used to determine the values of locale categories.)
LC_ALL If set to a non-empty string value, override the values of
all the other internationalization variables.
Determine the locale for the behavior of ranges, equivalence
classes, and multi-character collating elements within regu‐
LC_CTYPE Determine the locale for the interpretation of sequences of
bytes of text data as characters (for example, single-byte as
opposed to multi-byte characters in arguments and input
files) and the behavior of character classes within regular
Determine the locale that should be used to affect the format
and contents of diagnostic messages written to standard
NLSPATH Determine the location of message catalogs for the processing
If the −l option is in effect, the following shall be written for each
file containing at least one selected input line:
Otherwise, if more than one file argument appears, and −q is not speci‐
fied, the grep utility shall prefix each output line by:
The remainder of each output line shall depend on the other options
* If the −c option is in effect, the remainder of each output line
* Otherwise, if −c is not in effect and the −n option is in effect,
the following shall be written to standard output:
"%d:", <line number>
* Finally, the following shall be written to standard output:
"%s", <selected-line contents>
The standard error shall be used only for diagnostic messages.
The following exit values shall be returned:
0 One or more lines were selected.
1 No lines were selected.
>1 An error occurred.
CONSEQUENCES OF ERRORS
If the −q option is specified, the exit status shall be zero if an
input line is selected, even if an error was detected. Otherwise,
default actions shall be performed.
The following sections are informative.
Care should be taken when using characters in pattern_list that may
also be meaningful to the command interpreter. It is safest to enclose
the entire pattern_list argument in single-quotes:
The −e pattern_list option has the same effect as the pattern_list op‐
erand, but is useful when pattern_list begins with the <hyphen> delim‐
iter. It is also useful when it is more convenient to provide multiple
patterns as separate arguments.
Multiple −e and −f options are accepted and grep uses all of the pat‐
terns it is given while matching input text lines. (Note that the
order of evaluation is not specified. If an implementation finds a null
string as a pattern, it is allowed to use that pattern first, matching
every line, and effectively ignore any other patterns.)
The −q option provides a means of easily determining whether or not a
pattern (or string) exists in a group of files. When searching several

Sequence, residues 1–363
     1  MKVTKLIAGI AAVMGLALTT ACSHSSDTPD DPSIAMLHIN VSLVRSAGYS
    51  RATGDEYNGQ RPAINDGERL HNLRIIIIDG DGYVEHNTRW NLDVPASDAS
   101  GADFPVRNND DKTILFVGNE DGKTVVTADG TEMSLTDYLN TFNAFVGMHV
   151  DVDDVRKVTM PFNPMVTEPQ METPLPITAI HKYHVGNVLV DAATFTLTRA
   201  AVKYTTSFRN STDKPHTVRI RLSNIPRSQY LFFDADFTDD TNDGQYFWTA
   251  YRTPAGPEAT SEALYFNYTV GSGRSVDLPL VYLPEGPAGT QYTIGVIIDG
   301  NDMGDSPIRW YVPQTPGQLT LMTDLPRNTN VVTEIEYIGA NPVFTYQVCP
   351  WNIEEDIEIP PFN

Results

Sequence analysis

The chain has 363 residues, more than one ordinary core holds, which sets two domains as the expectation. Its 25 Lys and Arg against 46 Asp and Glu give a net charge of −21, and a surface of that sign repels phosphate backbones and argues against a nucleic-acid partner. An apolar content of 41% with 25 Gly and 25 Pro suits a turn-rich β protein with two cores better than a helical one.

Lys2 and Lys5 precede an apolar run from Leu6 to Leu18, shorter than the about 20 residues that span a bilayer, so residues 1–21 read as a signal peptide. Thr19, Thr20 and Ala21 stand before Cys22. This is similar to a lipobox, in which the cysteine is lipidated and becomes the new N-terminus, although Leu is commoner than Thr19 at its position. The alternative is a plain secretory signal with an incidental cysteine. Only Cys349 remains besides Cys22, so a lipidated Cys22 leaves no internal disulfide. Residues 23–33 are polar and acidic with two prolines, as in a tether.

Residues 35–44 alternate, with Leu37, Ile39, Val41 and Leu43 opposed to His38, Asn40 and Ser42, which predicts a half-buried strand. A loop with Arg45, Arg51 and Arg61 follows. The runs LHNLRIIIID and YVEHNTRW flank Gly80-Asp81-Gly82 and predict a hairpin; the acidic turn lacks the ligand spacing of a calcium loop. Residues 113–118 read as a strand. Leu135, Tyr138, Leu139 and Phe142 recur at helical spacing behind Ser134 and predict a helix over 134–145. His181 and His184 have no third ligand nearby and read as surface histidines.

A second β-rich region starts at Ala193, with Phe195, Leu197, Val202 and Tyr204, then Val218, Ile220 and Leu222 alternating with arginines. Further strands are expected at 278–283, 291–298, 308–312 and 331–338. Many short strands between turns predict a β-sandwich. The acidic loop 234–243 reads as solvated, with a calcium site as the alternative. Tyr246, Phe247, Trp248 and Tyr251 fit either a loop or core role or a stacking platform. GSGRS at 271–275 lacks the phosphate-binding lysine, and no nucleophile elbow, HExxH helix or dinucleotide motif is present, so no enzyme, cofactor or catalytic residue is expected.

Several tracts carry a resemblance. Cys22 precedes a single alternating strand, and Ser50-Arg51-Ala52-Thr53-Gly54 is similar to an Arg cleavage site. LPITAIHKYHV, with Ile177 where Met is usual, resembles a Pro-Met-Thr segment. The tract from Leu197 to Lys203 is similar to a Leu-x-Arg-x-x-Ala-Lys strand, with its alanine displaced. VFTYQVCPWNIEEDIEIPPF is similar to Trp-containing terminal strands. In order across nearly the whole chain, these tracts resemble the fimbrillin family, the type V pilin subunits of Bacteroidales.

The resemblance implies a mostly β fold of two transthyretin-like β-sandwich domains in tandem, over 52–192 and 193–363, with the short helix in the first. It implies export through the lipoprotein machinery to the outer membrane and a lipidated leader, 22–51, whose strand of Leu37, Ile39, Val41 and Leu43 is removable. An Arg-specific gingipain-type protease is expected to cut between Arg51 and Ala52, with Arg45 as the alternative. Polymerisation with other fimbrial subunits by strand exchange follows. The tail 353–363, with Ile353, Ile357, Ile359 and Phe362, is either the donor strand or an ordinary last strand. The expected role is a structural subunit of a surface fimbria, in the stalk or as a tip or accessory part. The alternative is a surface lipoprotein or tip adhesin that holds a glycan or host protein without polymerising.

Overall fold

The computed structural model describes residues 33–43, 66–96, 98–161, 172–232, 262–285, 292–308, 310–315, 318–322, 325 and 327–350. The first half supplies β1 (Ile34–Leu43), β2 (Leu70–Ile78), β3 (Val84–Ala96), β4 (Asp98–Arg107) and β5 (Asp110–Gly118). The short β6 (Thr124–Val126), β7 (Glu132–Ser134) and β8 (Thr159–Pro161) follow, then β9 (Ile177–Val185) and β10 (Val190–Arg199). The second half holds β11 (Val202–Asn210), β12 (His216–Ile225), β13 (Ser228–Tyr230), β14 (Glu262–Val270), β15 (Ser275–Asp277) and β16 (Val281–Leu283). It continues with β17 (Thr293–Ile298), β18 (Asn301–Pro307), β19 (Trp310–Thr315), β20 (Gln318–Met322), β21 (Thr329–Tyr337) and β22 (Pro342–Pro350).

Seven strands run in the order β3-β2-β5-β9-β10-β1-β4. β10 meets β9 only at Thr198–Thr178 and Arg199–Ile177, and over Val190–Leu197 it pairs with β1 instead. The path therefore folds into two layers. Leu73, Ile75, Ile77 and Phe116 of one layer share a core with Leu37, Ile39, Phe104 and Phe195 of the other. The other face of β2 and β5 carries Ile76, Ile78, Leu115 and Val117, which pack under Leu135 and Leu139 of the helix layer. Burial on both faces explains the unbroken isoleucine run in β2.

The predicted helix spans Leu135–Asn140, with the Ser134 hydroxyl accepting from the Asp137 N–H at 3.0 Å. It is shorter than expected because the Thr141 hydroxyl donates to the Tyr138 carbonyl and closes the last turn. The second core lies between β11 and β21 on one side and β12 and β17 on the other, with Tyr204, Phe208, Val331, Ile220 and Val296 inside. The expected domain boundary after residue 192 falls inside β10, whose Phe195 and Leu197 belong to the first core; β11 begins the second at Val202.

files, it provides a performance improvement (because it can quit as
soon as it finds the first match) and requires less care by the user in
choosing the set of files to supply as arguments (because it exits zero
if it finds a match even if grep detected an access or read error on
earlier file operands).
1. To find all uses of the word "Posix" (in any case) in file text.mm
and write with line numbers:
grep −i −n posix text.mm
2. To find all empty lines in the standard input:
grep −v .
3. Both of the following commands print all lines containing strings
"abc" or "def" or both:
grep −E 'abc|def'
grep −F 'abc
4. Both of the following commands print all lines matching exactly
"abc" or "def":
grep −E '^abc$|^def$'
grep −F −x 'abc
This grep has been enhanced in an upwards-compatible way to provide the
exact functionality of the historical egrep and fgrep commands as well.
It was the clear intention of the standard developers to consolidate
the three greps into a single command.
The old egrep and fgrep commands are likely to be supported for many
years to come as implementation extensions, allowing historical appli‐
cations to operate unmodified.
Historical implementations usually silently ignored all but one of mul‐
tiply-specified −e and −f options, but were not consistent as to which
specification was actually used.
The −b option was omitted from the OPTIONS section because block num‐
bers are implementation-defined.
The System V restriction on using − to mean standard input was omitted.
A definition of action taken when given a null BRE or ERE is specified.
This is an error condition in some historical implementations.
The −l option previously indicated that its use was undefined when no
files were explicitly named. This behavior was historical and placed an
unnecessary restriction on future implementations. It has been removed.
The historical BSD grep −s option practice is easily duplicated by
redirecting standard output to /dev/null. The −s option required here
is from System V.
The −x option, historically available only with fgrep, is available
here for all of the non-obsolescent versions.
The Base Definitions volume of POSIX.1‐2008, Chapter 8, Environment
Variables, Chapter 9, Regular Expressions, Section 12.2, Utility Syntax
Portions of this text are reprinted and reproduced in electronic form
from IEEE Std 1003.1, 2013 Edition, Standard for Information Technology
-- Portable Operating System Interface (POSIX), The Open Group Base
Specifications Issue 7, Copyright (C) 2013 by the Institute of Electri‐
cal and Electronics Engineers, Inc and The Open Group. (This is
POSIX.1-2008 with the 2013 Technical Corrigendum 1 applied.) In the
event of any discrepancy between this version and the original IEEE and
The Open Group Standard, the original IEEE and The Open Group Standard
is the referee document. The original Standard can be obtained online
at http://www.unix.org/online.html .
Any typographical or formatting errors that appear in this page are
most likely to have been introduced during the conversion of the source
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IEEE/The Open Group 2013 GREP(1P)